Invention in C Major is a remarkable stop-motion animation feat by filmmaker Richard D. Lopez. At four minutes long, this short film tells a deeply complex story that keeps the viewer watching with bated breath. The film will be available for streaming worldwide and also screens live on Sunday, September 19 at the Fall 2021 New Jersey Film Festival.
This film - which started as a thesis project for Lopez’s last year at Parsons - very clearly turned into a passion project for this filmmaker. Lopez has an eye for detail, dedication to the characters, and commitment to the meticulous effort of creating a stop-motion piece, all of which shine through in this short film. Invention in C Major is a love letter to filmmaking in one of its most difficult yet gratifying forms.
Invention starts with a slow pan up the body of the character affectionately called Gramophone Lady, and the viewer is instantly struck by how unsettling she is; her limbs are stitched up and attached to metal rods and gears, and there is a gramophone horn where her head should be. The film’s title appears on screen as Gramophone Lady stands in a dark, somber room that sets the tone for the occurrences in the film. She gazes at a portrait of a woman on her vanity, which transitions to her gazing at her own odd reflection in the mirror. With a ripple, the mirror’s reflection is now showing the woman in the photo, and the viewer gets the sense that the two characters are one and the same.
Suddenly, the woman is snatched by a pair of phantom hands, leaving the Gramophone Lady face-to-face with her new mechanical reality. The hand then reaches out of the mirror to grab at Gramophone Lady, who falls and is sent into what one can only presume to be a flashback of her final moments before transitioning into a musical humanoid. This scene in particular resonated really strongly with me as a viewer; I was so impressed by the lighting choices, the decision to change the lens focus from the woman to the mechanical parts of the Gramophone Lady laid out just behind her, and the realistic way fear is portrayed on the face of this puppet.
The process of creating and mastering these puppets was certainly a labor of love, one that began in an effort to provide the film with a mechanical, visceral feel. The puppets were made out of clay, given hand-made armature wire, and cast in foam latex before becoming the products we see on screen. In my opinion, each one of these characteristics came together to create ideal subjects for this piece. In fact, Lopez’s puppetry is so consistent in its attention to detail and accurate portrayal of emotions that I found myself forgetting the film wasn’t technologically animated. Although Gramophone Lady lacked facial features, Lopez manages to use her body language and the context of his carefully manicured shots to ensure the viewer understands how she’s feeling.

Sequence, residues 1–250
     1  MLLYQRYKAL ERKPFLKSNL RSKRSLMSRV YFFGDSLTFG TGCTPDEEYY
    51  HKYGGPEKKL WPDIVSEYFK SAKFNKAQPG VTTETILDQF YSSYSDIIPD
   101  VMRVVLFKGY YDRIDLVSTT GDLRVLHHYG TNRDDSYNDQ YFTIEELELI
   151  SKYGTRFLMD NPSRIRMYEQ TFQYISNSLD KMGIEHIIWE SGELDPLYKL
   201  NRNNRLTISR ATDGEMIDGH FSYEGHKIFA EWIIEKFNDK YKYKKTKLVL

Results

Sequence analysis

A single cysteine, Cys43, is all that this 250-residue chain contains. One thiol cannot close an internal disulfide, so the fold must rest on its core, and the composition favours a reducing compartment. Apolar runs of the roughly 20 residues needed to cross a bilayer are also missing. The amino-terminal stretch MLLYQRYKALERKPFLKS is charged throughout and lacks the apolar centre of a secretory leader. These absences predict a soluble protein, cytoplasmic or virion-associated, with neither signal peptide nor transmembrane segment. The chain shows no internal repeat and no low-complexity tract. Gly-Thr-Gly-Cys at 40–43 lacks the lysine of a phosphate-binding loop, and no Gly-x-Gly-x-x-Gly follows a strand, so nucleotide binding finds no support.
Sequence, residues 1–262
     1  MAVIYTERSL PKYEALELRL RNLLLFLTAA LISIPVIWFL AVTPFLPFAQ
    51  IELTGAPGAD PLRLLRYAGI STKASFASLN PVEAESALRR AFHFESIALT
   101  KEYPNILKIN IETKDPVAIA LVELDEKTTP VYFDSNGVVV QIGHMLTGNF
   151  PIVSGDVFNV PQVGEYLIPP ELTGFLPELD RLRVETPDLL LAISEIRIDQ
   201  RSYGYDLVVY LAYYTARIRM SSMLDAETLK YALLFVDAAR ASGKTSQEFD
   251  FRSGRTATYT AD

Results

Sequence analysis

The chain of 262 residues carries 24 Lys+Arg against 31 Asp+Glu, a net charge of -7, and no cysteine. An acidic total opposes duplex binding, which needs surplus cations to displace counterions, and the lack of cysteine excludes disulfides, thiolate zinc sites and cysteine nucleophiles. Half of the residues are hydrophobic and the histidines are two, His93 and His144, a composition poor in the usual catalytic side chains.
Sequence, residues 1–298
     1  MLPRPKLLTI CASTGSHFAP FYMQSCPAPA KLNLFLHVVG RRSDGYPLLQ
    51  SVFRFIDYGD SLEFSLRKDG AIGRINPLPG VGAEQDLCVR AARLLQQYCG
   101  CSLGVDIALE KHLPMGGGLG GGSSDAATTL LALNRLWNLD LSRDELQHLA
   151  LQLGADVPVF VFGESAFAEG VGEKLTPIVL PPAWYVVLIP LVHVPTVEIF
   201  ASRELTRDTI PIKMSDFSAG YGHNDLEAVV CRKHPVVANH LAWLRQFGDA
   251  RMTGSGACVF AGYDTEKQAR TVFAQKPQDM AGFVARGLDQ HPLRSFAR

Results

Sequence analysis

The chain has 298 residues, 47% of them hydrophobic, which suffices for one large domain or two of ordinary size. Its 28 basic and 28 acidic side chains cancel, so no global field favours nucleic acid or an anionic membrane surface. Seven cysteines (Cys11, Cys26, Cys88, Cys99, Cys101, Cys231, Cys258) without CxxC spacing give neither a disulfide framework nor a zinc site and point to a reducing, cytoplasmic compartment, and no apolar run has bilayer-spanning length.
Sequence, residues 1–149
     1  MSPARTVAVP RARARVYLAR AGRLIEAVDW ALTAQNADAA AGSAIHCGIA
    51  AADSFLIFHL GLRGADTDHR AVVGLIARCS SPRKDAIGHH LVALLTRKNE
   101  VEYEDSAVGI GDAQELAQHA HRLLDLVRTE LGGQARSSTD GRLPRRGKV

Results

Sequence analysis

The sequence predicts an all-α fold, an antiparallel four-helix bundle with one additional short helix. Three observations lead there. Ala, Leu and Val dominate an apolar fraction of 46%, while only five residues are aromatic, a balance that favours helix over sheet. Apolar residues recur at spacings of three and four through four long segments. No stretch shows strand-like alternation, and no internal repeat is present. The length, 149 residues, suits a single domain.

Music is also used to portray emotion, and is the thread that ties Invention in C Major together. The film ends with a look inside of Gramophone Lady, where her human self can be seen playing piano within what one can presume to be her soul. The woman plays a haunting number as she sits shrouded in a shadowy light, and before cutting to black she looks directly at the camera, staring the viewer in the eye. The score by Alfi Alvarez throughout the film compliments it perfectly, and the final shot is so striking because of the expert combination of Alvarez’s music and Lopez’s puppetry. The music of the film plays to the emotions of the characters perfectly, and climaxes and retreats back into itself as the plot demands. The overall sound design is brilliant, and the combination of squeaks and creaks from Gramophone Lady’s mechanical body fit into the music and the story very naturally.
Invention in C Major is a testament to the possibilities of stop-motion animation and a pleasure to behold. Don’t miss your chance to watch Invention in C Major, Parenthesis, ...Lucid Dreams, and The New Blockheads as a private case at the Fall 2021 New Jersey Film Festival on Sunday, September 19 where they screen live at 7PM and all day via Video On Demand. A purchased ticket gives you access to both the live and online screenings.
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Go here for more info on the New Jersey Film Festival: https://newjerseyfilmfestivalfall2021.eventive.org/welcome